SOUTH AFRICA – The Paper Manufacturers Association of South Africa (PAMSA) has partnered with GM Television to create a series of short videos of how paper products are made and recycled for the popular How It’s Made YouTube channel.
The Paper Manufacturers Association of South Africa (PAMSA) recently conducted a survey centered around the place of paper and print in modern society.
From reading habits to the importance of labels and packaging, the survey has found that 82% of South African consumers acknowledge that paper is still a part of their daily lives. PAMSA shares some insights from their recent paper and print survey.
PAMSA noted that many people are not aware of what goes into making everyday products, such as toilet paper, envelopes, packaging paper or office paper, or how paper is recycled.
This has led to large parts of the population underestimating the contribution of the pulp and paper industry to South African society, explains PAMSA.
Jane Molony, executive director of PAMSA, said: “This sector is an essential service that produces pulp, printing and writing paper, packaging paper as well as tissue products.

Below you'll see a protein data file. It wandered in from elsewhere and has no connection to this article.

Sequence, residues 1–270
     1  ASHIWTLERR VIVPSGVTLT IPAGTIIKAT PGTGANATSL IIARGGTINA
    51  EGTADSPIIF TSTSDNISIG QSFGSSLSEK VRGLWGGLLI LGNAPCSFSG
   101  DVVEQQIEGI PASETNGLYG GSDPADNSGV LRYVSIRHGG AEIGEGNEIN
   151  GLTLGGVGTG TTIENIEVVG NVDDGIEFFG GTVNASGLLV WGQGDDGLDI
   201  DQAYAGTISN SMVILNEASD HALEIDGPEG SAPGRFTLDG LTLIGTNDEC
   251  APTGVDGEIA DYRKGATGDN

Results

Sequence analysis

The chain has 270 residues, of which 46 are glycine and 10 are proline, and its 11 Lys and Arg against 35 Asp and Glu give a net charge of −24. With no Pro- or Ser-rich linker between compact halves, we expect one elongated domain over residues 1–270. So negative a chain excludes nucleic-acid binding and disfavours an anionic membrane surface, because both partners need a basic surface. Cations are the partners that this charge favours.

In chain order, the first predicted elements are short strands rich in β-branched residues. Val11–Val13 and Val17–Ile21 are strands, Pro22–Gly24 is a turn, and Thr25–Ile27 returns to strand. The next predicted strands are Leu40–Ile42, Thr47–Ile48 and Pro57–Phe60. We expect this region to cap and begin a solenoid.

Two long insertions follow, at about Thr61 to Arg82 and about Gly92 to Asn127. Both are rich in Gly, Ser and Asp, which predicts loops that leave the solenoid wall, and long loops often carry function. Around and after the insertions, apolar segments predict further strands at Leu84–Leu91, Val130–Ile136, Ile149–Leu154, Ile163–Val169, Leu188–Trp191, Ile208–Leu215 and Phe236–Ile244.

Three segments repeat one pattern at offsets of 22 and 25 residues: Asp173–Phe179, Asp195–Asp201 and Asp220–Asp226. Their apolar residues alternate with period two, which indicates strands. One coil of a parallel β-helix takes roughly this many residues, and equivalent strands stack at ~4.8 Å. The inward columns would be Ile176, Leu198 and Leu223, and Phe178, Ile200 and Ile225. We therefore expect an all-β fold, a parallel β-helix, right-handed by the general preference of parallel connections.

“From forestry to paper and recycling, the greater sector employs close to 150 000 people, and indirectly supports thousands of livelihoods through recycling.
“We saw the fact that many people do not know this as an opportunity to make relevant and local content for anyone wishing to understand what happens behind the scenes in a paper mill.”
The series includes videos about paper recycling sorting and grading, the manufacture of printing and writing paper from wood, the making of envelopes, how recycled paper is made into paper bags and how toilet paper is made.
“Aside from making significant economic contributions, paper is also a renewable and sustainable product,” explained Molony.
The wood fiber that goes into the making of paper is sourced from the sustainably managed plantations that grow largely in the provinces of KwaZulu-Natal and Mpumalanga.
Trees are planted and grown in an environmentally responsible way until they are mature enough for harvesting. Only 10% of the trees are harvested each year while new trees are being propagated in nurseries, getting ready to take the place of their older counterparts.
The association says that this is an inspiring initiative to promote and demystify the manufacturing processes of paper products and help the industry gain in attractivity.
For all the latest packaging and printing industry news from Africa and the World, subscribe to our NEWSLETTER, follow us on Twitter and LinkedIn, like us on Facebook, and subscribe to our YouTube channel.